Neil Askew, March 2015

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Napoleon famously called Britain a nation of shopkeepers, but it looks like we’re now becoming a nation of private landlords. It’s certainly happening with a number of my clients in the Coventry and Warwickshire area.

One of the main questions I often get asked about is capital gains tax (CGT) on second homes. So I just want to put some clarity around this subject.

Capital gains tax is payable when you’ve made a profit on something you’ve sold. But if you follow the rules, there are plenty of ways to cut down your CGT bill.

Most people who live in more than one home concurrently know they can nominate one of those homes to be their “main residence”, and are therefore free of capital gains tax for the period covered by that nomination.

If you use more than one home, you can nominate which will be tax-free. It doesn’t have to be the one where you live most of the time. Generally, it makes sense to nominate the one expected to make the largest gain. You have two years from when you get a new home to make the nomination.

If you have let part or all of your home, when you sell it, a proportion of any gain will relate to the letting and could be taxable.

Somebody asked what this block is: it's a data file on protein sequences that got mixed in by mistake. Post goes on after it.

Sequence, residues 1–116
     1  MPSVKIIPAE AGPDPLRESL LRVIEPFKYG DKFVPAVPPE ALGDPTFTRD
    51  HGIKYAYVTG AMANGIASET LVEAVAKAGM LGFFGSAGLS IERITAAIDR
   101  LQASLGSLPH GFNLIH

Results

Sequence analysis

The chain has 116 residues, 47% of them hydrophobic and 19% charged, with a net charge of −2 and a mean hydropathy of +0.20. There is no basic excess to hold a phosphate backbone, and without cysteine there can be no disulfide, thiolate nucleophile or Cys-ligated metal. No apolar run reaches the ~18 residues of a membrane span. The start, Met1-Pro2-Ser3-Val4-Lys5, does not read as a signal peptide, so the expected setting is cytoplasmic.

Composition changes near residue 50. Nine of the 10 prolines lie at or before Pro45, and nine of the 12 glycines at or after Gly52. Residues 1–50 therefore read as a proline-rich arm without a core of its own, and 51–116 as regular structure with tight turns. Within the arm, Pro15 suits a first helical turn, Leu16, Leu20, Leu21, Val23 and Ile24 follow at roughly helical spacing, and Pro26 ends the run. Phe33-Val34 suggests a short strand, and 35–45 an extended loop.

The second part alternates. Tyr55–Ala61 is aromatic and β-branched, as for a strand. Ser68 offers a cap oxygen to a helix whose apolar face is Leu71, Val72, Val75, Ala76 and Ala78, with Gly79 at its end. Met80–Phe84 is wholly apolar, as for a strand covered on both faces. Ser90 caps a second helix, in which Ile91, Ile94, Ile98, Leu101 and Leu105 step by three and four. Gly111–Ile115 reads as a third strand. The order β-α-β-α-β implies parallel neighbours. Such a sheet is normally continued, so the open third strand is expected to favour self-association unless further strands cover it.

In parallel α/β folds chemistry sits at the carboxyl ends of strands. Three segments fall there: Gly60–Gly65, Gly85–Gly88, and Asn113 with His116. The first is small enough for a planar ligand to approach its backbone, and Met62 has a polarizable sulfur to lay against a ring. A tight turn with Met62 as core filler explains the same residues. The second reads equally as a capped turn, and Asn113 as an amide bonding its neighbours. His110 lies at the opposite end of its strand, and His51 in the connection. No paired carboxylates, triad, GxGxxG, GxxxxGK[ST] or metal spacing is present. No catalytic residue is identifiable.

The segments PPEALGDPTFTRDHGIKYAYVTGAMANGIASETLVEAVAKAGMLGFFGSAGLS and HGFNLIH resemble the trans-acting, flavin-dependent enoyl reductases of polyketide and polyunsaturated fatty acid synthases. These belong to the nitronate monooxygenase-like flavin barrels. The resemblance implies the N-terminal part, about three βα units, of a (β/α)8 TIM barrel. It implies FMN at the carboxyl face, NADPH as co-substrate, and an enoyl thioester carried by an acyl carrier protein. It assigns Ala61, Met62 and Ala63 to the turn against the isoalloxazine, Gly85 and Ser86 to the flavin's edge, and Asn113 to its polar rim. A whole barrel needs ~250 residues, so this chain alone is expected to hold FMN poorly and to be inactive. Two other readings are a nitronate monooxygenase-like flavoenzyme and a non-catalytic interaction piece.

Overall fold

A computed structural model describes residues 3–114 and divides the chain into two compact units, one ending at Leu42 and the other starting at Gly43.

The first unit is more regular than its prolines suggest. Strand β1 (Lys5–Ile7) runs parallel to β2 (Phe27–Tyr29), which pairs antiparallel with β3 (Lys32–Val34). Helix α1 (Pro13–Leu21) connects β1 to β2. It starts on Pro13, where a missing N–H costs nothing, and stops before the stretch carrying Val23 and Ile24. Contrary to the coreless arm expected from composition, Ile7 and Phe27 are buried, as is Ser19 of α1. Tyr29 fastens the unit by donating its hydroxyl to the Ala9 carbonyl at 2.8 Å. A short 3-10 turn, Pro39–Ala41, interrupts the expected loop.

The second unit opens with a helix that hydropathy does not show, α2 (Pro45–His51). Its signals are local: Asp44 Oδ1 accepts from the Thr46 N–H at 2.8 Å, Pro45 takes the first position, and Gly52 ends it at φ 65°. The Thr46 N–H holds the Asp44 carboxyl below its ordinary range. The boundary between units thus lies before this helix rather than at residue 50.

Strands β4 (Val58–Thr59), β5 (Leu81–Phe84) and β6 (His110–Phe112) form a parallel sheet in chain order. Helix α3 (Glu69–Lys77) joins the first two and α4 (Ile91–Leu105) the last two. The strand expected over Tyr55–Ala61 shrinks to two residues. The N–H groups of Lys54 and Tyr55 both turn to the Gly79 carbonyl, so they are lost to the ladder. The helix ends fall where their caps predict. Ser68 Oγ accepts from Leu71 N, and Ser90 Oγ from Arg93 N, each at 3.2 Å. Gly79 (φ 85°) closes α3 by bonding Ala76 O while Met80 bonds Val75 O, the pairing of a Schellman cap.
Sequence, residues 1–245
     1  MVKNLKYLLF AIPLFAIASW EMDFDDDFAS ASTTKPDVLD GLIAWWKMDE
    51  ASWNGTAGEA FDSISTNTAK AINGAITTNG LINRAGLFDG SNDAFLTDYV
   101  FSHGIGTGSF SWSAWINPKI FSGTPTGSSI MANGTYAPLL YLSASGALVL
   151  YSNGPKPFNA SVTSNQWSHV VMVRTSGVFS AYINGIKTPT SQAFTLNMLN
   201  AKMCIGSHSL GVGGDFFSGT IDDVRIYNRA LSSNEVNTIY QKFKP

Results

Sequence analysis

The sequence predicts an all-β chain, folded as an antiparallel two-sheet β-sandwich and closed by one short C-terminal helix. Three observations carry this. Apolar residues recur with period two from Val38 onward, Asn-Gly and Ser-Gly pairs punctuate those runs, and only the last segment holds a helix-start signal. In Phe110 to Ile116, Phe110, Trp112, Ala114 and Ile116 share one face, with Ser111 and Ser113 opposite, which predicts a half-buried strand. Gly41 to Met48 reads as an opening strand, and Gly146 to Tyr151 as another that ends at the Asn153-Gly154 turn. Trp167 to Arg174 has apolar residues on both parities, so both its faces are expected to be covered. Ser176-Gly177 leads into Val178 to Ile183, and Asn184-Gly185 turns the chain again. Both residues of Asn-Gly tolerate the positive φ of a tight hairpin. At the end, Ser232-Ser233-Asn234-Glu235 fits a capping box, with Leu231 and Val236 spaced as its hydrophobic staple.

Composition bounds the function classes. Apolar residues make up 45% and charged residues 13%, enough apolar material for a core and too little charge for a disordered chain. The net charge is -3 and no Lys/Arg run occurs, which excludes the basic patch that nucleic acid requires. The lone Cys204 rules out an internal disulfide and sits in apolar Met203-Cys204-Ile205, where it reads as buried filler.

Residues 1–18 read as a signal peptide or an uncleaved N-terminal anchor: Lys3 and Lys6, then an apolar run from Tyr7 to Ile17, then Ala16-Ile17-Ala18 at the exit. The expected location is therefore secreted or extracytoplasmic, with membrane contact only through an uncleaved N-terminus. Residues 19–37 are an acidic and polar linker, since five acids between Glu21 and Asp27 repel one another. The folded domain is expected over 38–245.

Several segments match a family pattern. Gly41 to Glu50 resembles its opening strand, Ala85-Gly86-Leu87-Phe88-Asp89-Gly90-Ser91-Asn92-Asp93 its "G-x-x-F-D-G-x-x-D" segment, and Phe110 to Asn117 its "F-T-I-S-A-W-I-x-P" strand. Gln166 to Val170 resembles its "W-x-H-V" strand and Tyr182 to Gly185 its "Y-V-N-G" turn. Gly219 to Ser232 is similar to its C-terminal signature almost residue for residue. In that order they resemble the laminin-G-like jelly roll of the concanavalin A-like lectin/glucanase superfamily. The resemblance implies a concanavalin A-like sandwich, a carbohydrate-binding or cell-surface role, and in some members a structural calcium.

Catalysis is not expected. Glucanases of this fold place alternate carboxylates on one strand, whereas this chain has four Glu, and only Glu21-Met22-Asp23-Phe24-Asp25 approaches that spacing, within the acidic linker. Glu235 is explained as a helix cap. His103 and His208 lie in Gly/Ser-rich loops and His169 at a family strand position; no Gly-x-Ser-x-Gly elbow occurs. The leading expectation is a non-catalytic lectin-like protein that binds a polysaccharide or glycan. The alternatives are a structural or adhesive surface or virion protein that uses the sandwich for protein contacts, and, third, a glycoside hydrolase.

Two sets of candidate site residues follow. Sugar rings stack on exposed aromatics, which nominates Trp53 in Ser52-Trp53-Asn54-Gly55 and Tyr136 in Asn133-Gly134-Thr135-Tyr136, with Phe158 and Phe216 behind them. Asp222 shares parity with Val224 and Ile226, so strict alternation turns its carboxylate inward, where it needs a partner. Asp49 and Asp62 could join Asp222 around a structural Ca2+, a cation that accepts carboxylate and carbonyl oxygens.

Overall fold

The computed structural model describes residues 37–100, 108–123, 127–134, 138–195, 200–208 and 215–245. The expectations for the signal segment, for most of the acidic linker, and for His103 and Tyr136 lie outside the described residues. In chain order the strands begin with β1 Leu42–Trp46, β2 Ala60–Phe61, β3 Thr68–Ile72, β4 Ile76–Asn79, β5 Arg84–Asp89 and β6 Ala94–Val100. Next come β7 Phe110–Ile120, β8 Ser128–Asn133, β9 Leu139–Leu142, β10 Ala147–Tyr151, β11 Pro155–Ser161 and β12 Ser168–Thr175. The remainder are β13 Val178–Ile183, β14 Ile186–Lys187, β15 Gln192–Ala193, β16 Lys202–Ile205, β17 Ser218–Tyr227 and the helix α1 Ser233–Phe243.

However, provided the home genuinely has been your main home at some time, you can claim tax relief for the time it was your main residence, plus the last 18 months of ownership.

From 6 April 2015 you will only be able to nominate a home as your main residence if:
• it is located in the same country in which you are resident for tax purposes; or
• you spend at least 90 midnights in the property in the tax year (or 90 days spread across all the properties you own in the country where the property is located).

If you are tax-resident in the UK but you want to nominate a property located in a country where you are not tax resident, you will have to meet the 90-day requirement for that overseas property. This condition will override any main residence nomination you have already made for that home.

Also from 6 April 2015 people who live outside the UK will have to pay CGT on gains they make on selling homes located in the UK. This will only apply to the gain accruing from 6 April 2015, but it could catch out British ex-pats who have retired aboard but who keep a home in the UK.

At Askews Accountants we can help you review which properties you can shelter from CGT, and those which you may want to sell. Why not call or email me to find out more about CGT and to let us help you make the right decisions.

 Contact Neil  for more details. Click Here